Why Middle East democracy is inevitable
|Wednesday, April 30,2008 05:13|
|By Claude Salhani|
Change on the political landscape of the Middle East and North Africa – a region that has experienced the least turnover of leadership when compared with much of the rest of the world – is undoubtedly coming. It is not exactly a "wind of change" just yet, more like a timid draft. But change is coming nevertheless. The region cannot stagnate, as it has, given the technological arsenal being deployed.
The political ways of the past – and the present – accepted as standard operating procedures by the quasi-totality of the 22 members of the League of Arab States will eventually begin to feel the unstoppable power of change brought about by modern technology.
Countries such as Egypt, the most populous and certainly most influential of Arab nations, has been ruled by the same man since 1981; or yet Syria, where the reins of power were passed from father to son, and this in a country claiming to be a forward thinking republic with tints of socialism. And still in a third country, Libya, said to be governed by the people through popular committees, but where the reality offers a different view altogether given that it is in fact ruled by an absolute leader who ironically deposed a king but now wants to name his son to replace him.
Looking at that tableau of the Arab world"s political landscape, one sees practically no change in the last several decades. Elections, when they are held, are usually a scam with the stakes stacked high in favor of the ruling party and its candidates, and where the winners typically walk away with around 99.9 percent of the vote. In one of the elections called by Saddam Hussein he broke all records by first winning 100 percent of the vote, but when the ballots from overseas voting stations came in, it turned out that he had won more than 100 percent, if that is mathematically possible.
In recent months we have seen two examples of elections being manipulated by the state to ensure victory to its supporters: Egypt and Iran. In both cases the ruling party had to preselect candidates acceptable to run for election. Not exactly the mirror of Jeffersonian democracy.
But the battles these Middle Eastern leaders are trying to prevent from taking place cannot in the long term be won. The reason for that is fairly simple: because they have lost – or are in the process of losing – complete control of the vital element that helped them maintain absolute power; that is control of information.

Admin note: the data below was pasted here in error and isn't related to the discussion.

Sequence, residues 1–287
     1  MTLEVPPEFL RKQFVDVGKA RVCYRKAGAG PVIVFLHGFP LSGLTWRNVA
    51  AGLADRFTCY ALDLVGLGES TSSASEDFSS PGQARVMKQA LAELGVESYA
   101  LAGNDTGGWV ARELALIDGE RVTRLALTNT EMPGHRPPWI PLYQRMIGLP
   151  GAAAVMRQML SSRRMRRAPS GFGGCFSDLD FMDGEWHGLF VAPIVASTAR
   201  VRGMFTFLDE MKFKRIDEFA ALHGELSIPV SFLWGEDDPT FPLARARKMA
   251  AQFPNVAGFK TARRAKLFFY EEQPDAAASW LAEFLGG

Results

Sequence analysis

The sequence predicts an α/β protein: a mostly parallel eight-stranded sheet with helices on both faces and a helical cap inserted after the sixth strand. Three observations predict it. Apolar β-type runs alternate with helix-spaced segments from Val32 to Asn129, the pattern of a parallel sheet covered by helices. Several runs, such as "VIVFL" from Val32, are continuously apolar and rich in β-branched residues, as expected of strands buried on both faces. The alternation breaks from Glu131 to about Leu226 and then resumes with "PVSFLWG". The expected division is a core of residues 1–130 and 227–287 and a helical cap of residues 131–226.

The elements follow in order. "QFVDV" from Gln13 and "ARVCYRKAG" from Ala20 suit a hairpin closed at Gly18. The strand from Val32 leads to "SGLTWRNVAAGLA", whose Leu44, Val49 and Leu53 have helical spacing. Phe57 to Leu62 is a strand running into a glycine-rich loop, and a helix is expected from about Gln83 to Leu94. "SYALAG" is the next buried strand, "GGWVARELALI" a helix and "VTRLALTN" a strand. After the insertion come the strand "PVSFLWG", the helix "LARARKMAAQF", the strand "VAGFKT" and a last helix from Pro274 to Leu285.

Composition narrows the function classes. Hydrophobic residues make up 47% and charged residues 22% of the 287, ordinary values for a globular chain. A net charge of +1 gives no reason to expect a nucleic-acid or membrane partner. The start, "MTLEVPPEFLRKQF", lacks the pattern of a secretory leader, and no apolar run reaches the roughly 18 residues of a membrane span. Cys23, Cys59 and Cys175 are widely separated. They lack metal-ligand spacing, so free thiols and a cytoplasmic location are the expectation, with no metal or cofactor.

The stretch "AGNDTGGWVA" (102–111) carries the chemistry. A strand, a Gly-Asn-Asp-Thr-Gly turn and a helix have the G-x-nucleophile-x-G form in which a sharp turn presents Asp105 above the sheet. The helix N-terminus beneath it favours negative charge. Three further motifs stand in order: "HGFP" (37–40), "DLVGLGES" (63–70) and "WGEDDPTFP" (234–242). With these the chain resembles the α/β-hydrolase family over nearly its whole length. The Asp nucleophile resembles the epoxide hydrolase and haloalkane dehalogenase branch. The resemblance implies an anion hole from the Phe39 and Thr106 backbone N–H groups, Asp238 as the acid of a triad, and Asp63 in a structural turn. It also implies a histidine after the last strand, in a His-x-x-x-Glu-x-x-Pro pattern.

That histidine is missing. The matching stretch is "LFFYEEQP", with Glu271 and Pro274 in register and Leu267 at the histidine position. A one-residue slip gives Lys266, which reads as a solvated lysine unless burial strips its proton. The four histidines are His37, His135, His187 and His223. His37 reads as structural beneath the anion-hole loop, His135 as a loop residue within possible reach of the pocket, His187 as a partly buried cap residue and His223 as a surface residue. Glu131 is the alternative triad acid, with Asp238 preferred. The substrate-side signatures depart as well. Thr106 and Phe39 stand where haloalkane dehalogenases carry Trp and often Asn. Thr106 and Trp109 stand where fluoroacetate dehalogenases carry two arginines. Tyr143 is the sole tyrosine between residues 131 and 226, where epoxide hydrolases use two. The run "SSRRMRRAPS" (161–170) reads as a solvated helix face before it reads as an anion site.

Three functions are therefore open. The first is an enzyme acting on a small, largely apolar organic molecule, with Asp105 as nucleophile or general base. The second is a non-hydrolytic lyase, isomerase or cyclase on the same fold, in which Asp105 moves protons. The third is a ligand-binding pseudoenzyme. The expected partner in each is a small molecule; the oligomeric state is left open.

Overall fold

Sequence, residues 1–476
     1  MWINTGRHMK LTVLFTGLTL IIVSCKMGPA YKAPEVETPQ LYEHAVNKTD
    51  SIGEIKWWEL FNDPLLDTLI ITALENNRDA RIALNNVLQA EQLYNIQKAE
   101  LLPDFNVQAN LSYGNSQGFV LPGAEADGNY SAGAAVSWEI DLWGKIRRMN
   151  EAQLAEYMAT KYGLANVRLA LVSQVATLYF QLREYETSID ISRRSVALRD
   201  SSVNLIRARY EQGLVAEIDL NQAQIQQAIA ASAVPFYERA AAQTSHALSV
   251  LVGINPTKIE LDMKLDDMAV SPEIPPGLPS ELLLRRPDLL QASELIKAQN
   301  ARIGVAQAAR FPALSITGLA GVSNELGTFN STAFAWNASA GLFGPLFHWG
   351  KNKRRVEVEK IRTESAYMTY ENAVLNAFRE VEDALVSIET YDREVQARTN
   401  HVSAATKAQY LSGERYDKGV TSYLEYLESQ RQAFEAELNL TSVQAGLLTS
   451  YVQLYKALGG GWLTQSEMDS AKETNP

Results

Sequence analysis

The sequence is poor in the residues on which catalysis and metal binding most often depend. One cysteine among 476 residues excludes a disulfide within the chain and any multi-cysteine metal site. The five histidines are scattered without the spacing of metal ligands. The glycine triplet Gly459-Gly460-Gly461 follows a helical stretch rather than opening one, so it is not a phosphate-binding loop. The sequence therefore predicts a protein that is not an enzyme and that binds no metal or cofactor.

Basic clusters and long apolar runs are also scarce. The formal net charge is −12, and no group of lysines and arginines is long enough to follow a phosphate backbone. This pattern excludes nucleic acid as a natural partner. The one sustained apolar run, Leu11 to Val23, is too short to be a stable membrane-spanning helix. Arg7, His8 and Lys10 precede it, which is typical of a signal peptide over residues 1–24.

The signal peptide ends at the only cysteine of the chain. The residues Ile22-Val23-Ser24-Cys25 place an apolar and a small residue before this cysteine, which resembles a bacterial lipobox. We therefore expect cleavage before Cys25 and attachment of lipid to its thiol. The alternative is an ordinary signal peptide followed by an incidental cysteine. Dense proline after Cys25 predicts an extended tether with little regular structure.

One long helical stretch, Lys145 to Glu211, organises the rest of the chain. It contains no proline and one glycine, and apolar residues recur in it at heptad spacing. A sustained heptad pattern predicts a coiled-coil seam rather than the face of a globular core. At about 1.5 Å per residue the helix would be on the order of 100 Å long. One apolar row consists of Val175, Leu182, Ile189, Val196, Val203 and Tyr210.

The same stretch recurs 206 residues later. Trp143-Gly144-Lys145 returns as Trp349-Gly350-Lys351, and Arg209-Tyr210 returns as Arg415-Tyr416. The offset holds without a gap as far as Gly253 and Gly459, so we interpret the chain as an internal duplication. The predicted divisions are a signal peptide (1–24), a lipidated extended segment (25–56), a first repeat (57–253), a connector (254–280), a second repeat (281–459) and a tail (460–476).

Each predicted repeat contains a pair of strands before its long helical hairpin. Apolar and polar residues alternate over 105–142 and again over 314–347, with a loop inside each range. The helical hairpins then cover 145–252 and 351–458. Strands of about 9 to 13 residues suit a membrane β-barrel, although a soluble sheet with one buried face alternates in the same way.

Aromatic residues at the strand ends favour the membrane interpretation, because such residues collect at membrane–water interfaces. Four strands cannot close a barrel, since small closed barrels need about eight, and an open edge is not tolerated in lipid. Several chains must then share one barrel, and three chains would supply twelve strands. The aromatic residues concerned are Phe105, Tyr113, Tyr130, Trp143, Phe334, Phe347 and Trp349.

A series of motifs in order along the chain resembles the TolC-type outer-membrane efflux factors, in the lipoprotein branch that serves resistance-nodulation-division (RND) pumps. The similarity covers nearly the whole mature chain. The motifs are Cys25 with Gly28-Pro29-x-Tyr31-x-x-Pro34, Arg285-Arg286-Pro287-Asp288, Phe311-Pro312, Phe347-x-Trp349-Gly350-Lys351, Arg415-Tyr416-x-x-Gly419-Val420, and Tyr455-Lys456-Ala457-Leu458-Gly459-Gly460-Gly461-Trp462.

Until not too long ago the flow of information in the Arab world came under the strict thumb of the countries" ministries of information, which in most cases played the role of national censure trying to withhold information rather than help propagate it.
And to a large degree that is still very much the case, except for the changes that are starting to creep in.
First, Al-Jazeera: Much disliked and portrayed negatively in the United States, Al-Jazeera – and the dozens, if not more, of Arabic language news channels it has inspired – have laid the foundation of two major stepping stones on the torturous road to Middle East democracy. In doing so they have taken away the state"s monopoly on television, and in the process they have pushed ajar the door to greater freedom of the press in the region.
Second, Internet tools such as Facebook: Such tools have allowed the free flow of information between individual citizens and/or organized groups fighting the government"s monopoly of the mass media. Egyptians, for example have taken by the thousands to this new phenomenon to call for anti-government strikes (see Egyptians use Facebook to deter censorship by Laura Kasinof).
Third, Internet maps and satellite technology: With individual citizens now able to scrutinize every inch of the globe, including off-limits military zones and such like, thanks to the amazing wonders of modern satellite technology, made available to anybody with a computer and access to the World Wide Web through services such as Google Earth and Google Maps, it becomes much harder for governments to withhold the truth, to try to cover up nuclear installations or to pretend that riots ending up in brutal repression by their security services never occurred.
In short, we are heading toward a more transparent society where information will be made available within seconds from locations where it previously was impossible to reach. Of course satellite technology is nothing new, and was being used by intelligence services for many years. The great difference is that it"s now available to the general public. This is enough to keep more than one censor official awake at night.
And rightfully so.
Just as blue jeans, the Beatles and the Rolling Stones are credited in helping bring down communism in Eastern Europe, so will Facebook and Google Earth play a major role in helping promote greater democracy in one of the last bastions of totalitarianism.